23. From the “Alternative School of Principles” to the Lay Buddhism: On the Conceptual Features of Modern Consciousness-Only School From the Perspective of the Evolution of Thought During the Ming and Qing Dynasties. [REVIEW]Zhiqiang Zhang - 2009 - Frontiers of Philosophy in China 4 (1):64-87.
    The best representatives of the self-reflection of xinxue 心学 (the School of Mind) and its development during the Ming and Qing Dynasties are the three masters from the late Ming Dynasty. The overall tendency is to shake off the internal constraints of the School of Mind by studying the Confucian classics and history. During the Qing Dynasty, Dai Zhen had attempted to set up a theoretical system based on Confucian classics and history, offering a theoretical foundation for a new academic (...)
  24. From the "Alternative School of Principles" to the Lay Buddhism: On the Conceptual Features of Modern Consciousness-Only School From the Perspective of the Evolution of Thought During the Ming and Qing Dynasties.Zhiqiang Zhang & Deyuan Huang - 2009 - Frontiers of Philosophy in China 4 (1):64 - 87.
    The best representatives of the self-reflection of xinxue 心学 (the School of Mind) and its development during the Ming and Qing Dynasties are the three masters from the late Ming Dynasty. The overall tendency is to shake off the internal constraints of the School of Mind by studying the Confucian classics and history. During the Qing Dynasty, Dai Zhen had attempted to set up a theoretical system based on Confucian classics and history, offering a theoretical foundation for a new academic (...)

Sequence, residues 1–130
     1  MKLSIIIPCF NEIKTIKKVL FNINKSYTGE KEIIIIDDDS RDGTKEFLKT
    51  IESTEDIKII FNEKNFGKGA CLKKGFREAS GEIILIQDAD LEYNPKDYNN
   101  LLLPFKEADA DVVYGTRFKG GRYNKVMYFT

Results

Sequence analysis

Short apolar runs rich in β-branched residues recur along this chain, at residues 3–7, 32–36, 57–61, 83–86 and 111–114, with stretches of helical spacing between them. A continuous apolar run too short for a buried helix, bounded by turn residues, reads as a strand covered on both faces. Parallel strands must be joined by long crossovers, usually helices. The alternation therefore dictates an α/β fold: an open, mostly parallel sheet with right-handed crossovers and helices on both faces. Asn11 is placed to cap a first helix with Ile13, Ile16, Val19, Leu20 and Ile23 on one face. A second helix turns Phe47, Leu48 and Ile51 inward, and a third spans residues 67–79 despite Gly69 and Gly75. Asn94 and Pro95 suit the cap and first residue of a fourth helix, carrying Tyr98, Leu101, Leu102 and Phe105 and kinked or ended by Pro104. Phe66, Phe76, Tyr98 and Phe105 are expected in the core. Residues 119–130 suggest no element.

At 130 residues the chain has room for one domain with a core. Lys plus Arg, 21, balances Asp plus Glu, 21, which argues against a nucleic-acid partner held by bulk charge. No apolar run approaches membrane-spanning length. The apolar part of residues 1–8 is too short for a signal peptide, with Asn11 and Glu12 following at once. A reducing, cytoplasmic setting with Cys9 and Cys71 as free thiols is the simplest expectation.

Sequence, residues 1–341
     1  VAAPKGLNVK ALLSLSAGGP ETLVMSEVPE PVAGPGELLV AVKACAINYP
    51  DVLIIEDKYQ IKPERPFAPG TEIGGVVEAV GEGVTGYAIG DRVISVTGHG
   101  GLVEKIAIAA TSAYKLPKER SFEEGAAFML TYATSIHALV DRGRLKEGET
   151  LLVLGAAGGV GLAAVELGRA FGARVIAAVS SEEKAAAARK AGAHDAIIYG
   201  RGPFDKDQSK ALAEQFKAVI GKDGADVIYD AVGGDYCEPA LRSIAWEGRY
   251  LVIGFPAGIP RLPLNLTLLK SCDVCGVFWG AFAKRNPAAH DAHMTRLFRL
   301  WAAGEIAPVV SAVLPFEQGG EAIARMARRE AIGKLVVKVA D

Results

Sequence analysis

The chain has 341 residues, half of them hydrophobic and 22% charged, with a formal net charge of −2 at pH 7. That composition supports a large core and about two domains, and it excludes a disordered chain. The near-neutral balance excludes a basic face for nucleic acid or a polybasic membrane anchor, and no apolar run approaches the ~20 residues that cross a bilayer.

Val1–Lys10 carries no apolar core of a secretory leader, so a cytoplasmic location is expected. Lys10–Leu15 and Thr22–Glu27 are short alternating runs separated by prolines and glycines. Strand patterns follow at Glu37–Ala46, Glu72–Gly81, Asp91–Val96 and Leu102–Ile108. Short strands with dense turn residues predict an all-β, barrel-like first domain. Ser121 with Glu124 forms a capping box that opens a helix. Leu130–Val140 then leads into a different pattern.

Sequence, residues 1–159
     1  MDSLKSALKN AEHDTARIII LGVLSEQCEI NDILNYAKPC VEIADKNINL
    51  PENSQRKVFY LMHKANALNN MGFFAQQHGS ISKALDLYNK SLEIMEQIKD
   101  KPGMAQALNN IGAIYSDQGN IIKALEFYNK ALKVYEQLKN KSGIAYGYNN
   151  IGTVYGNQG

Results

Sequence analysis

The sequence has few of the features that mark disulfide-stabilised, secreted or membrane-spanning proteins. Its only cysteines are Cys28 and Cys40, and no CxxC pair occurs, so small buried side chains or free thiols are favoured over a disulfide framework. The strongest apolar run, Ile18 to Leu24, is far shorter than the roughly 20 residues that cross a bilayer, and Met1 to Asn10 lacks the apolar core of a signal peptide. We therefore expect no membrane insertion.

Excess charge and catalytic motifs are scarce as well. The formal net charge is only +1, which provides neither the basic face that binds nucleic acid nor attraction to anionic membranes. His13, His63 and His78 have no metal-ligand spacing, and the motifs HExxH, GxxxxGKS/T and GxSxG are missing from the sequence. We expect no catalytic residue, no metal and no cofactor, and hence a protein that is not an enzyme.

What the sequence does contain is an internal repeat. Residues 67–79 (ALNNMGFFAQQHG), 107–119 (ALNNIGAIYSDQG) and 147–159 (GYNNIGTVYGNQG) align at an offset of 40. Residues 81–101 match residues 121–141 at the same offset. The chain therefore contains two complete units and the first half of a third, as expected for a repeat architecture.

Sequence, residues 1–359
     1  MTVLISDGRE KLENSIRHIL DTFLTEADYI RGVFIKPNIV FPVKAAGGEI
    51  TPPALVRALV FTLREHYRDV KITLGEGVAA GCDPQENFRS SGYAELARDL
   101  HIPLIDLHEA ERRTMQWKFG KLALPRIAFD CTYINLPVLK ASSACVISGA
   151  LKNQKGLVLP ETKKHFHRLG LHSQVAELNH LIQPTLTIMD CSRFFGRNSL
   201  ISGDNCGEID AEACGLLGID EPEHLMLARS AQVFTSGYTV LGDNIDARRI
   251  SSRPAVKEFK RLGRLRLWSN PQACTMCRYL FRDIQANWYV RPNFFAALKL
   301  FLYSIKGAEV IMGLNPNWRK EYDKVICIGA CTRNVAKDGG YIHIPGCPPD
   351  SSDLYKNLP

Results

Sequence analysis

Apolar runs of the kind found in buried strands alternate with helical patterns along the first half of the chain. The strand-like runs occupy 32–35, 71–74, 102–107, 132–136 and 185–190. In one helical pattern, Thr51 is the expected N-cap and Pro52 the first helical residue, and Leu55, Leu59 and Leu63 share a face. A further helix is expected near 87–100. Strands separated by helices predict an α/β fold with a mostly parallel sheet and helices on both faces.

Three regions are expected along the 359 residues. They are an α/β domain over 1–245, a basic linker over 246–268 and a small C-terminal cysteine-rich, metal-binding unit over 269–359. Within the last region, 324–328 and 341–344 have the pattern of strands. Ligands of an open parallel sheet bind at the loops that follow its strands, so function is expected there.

25. Evidential Commentary on the Meanings of Terms in the Mengzi.Dai Zhen - 1990 - Yale University Press.
Qing Neo-Confucianism, Misc
  1. Cheng-Zhu Confucianism in the Early Qing: Li Guangdi (1642-1718) and Qing Learning (Review).John H. Berthrong - 2002 - Philosophy East and West 52 (2):256-257.
  2. Liu, Xiaogan 劉笑敢 Et. Al., Eds., Chinese Philosophy and Culture : Confucian Studies of Ming-Qing Period 中國哲學與文化: 明清儒學研究.Shaojin Chai - 2011 - Dao: A Journal of Comparative Philosophy 10 (1):117-121.
    Liu, Xiaogan 劉笑敢 et. al., eds., Chinese Philosophy and Culture : Confucian Studies of Ming-Qing Period 中國哲學與文化: 明清儒學研究 Content Type Journal Article Pages 117-121 DOI 10.1007/s11712-010-9203-0 Authors Shaojin Chai, Department of Political Science, University of Notre Dame, 217 O’Shaughnessay Hall, Notre Dame, IN 46556, USA Journal Dao Online ISSN 1569-7274 Print ISSN 1540-3009 Journal Volume Volume 10 Journal Issue Volume 10, Number 1.
  3. Philosophical Development in Late Ming and Early Qing.Chung-yi Cheng - 2008 - In Bo Mou (ed.), Routledge History of Chinese Philosophy. Routledge.
  4. Wang Tao.Hsiao-hsü Cheng - unknown - [Dairen, Printed by the Manchuria Daily News.